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I guess I really lament the premature demise of so many geniuses. I consider myself very fortunate to have lived to see the fruition of so much labor.
I once saw Roswell Rudd play a show with Steve Lacy where he rapped about soap. At the time, in the confusion, I was unable to fully appreciate what it was he was doing. I thought it was avant, but now (with maturity and the grace of wisdom in age) I have come to realize that if anything, it was at least interesting, which is far more than I can say for most of the music that is coming down the pipe these days. I was blown away that Verve had the brass to put out a Lacy with Rudd release (but they also released the Cecil Taylor, Dewey Redman, and Elvin Jones ditty last year). The trombonist and I spoke about his collaborations with Lacy, his time with the New York Art Quartet, and his new release on the Knitting Factory house label, Broad Strokes, unedited and in his own words.
All About Jazz (AAJ): Let's start from the beginning.
Roswell Rudd (RR): My father was an amateur drummer, who played just about every day in the living room from the time I was born. He played along to recordings. These would be very old recordings from the Twenties, Thirties, and Forties. This was a sound that was in my life from the earliest of times. One thing I noticed about my father when he played were the different expressions that came across his face, only when he played the drums. They indicated to me, even then, that he was going somewhere else when he played. I was aware of another world where music and sound could take you. I liked the idea of that world being a groovy place. I started taking melophone in the grammar school band when I was nine or ten years old. Then I moved up to the French horn in a couple of years, but there were no French horn players on the jazz records, so the closest thing in sound was the trombone and so I asked my folks to get a trombone and they found somebody who was going down to a town where they had a pawn shop there and they brought me back a trombone and I started playing that along with the records. Pretty soon, I was playing that in school. That being the music that I started with, I pretty much stayed with that. What I liked about that music was the fact that the instruments sounded like people talking and laughing, vocal sounds. Each of the players on these different records, even though they might be playing the same instrument, they were all distinguishable from each other because it was their personalities that they were projecting through the music and I found that very colorful and exciting and kind of theatrical. These elements of the music have remained in tact for me and I have just tried to develop them on my own and I've always sought out other musicians in whom I heard a similar process going on.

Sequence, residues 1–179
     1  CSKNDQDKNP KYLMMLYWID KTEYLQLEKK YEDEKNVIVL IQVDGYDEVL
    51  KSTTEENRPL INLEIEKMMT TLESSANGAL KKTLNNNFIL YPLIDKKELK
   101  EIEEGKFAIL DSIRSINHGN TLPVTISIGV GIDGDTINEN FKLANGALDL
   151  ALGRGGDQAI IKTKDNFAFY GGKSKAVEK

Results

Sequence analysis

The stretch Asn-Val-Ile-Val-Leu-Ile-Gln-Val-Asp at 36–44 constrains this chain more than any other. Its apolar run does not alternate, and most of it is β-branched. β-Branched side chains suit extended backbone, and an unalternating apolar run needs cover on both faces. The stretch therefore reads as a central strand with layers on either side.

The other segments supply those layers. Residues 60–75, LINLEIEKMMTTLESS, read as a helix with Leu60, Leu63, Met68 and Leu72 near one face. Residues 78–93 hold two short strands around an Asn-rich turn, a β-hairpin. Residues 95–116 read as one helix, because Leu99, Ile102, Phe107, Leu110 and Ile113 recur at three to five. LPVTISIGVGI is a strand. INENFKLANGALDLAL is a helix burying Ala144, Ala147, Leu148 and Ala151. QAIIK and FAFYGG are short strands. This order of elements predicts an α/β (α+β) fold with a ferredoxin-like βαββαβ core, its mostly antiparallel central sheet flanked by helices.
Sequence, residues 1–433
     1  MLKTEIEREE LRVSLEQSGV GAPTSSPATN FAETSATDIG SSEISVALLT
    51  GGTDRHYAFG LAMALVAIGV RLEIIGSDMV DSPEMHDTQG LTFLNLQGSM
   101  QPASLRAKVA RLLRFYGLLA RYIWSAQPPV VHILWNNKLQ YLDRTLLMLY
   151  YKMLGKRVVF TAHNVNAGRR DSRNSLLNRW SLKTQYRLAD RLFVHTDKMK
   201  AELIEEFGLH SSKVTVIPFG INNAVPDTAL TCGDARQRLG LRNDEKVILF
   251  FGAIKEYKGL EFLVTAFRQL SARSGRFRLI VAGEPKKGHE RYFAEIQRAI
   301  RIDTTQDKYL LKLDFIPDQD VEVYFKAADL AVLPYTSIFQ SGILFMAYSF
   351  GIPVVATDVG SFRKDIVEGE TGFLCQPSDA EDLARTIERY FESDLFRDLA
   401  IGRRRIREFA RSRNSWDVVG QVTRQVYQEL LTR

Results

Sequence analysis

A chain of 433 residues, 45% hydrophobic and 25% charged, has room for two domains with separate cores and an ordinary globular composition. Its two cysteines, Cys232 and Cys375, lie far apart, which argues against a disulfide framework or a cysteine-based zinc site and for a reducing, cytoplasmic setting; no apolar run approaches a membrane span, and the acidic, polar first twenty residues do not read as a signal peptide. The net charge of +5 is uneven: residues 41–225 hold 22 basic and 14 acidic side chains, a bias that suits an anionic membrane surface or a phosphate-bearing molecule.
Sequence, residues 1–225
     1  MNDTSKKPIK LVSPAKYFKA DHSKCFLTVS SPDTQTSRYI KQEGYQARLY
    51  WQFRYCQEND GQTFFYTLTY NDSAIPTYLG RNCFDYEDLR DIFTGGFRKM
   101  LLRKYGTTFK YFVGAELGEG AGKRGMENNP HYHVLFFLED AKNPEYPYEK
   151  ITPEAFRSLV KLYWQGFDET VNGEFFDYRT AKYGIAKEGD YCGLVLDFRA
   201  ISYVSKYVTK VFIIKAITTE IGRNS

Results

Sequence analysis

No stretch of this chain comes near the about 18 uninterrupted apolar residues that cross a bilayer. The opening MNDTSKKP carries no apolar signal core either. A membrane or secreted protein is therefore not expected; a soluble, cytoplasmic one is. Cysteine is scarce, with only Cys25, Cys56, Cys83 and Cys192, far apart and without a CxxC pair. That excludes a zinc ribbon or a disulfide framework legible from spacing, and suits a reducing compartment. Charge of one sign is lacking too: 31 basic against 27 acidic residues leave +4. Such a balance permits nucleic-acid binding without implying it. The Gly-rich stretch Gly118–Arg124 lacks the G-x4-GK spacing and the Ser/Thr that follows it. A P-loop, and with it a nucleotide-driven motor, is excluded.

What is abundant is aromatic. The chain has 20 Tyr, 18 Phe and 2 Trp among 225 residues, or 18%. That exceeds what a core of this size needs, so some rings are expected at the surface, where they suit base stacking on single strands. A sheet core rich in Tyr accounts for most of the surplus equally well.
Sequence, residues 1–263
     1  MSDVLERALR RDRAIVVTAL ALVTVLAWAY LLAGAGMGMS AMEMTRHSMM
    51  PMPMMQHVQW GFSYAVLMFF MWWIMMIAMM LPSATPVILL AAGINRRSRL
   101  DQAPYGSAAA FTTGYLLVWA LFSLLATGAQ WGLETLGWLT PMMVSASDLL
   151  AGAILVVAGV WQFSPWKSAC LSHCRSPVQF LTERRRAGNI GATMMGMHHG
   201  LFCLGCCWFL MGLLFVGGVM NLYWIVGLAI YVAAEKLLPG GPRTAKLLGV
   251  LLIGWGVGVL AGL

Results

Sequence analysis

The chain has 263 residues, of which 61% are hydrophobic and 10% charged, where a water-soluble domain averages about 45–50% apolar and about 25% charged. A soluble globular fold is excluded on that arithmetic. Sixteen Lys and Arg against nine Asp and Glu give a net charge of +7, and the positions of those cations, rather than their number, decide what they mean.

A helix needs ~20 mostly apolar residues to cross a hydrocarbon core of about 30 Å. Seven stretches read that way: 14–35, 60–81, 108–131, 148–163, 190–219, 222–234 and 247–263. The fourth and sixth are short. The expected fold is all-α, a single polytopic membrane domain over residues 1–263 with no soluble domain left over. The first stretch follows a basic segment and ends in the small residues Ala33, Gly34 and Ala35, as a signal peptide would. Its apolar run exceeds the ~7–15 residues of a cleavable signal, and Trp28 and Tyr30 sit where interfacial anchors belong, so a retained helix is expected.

AAJ: Who are some of these musicians?
RR: Well, the earliest one and the one who really clinched it for me as far as what I was going to do for the rest of my life was when I heard Louis Armstrong play. That was such a thrill for me, I decided right then and there that if I could somehow create the experience that he created for me that day, that I would try to create that experience for other people. I would make that my calling. I started to hear some other jazz. I'm talking about live. Jazz at the Philharmonic, this is where you get your underage kind of concerts, no alcohol being served. It was just a good place to go and listen to real upscale jazz musicians in a jam session kind of format. There were other clubs that I liked to go to, Birdland, the Half Note.
AAJ: So how does one go from listening to something as tame as the Jazz at the Philharmonic to performing with advanced progressives like Cecil Taylor, Bill Dixon, and John Tchicai?
RR: Well, the music I grew up with was one that depended on, leaned very heavily on collective improvisation. The music of my contemporaries, when I was in my twenties in New York City, they were calling it avant-garde, but it leaned very heavily on collective improvisation. That's how I was able to go from one traditional generation to another traditional generation because they both involved collective improvisations and there is probably a continuum that you could find in improvised music anywhere in the world, collective improvisational things. What I really needed to study was bop and fortunately I had some help there. I had a great teacher who was playing in a traditional band and the small bop combos. He knew how to find a part for himself, play a role in either situation. He was able to show me some things about bop that would supplement my experience and my knowledge in collective improvisation. That was sort of the thing that was missing for me. Herbie Nichols was very helpful because he was really a high bop composer and performer and the experience that I had with Steve Lacy, the great saxophonist following Thelonious Monk around, that was very helpful too. But I am still going to be studying music the rest of my day. You really never know enough. The new material and the future of what you do comes from improvisation and so any kind of a way or system or no system at all really that will generate a situate where there is improvising is going to give you your future musically. This is where all the new stuff has come from for me, from improvisation. I guess that is why it is so important for me to keep improvising.
I love jazz because anything is possible; it has few rules and the best jazz breaks those ones. I prefer free improv because it doesn't really have any rules at all.
I was first exposed to jazz in my teens (in the late sixties).
The first jazz record I bought was Filles de Kilimanjaro by Miles Davis, shortly followed by Extrapolation by John McLaughlin.
My advice to new listeners is to listen as widely as possible and not to make snap judgments--stick with it.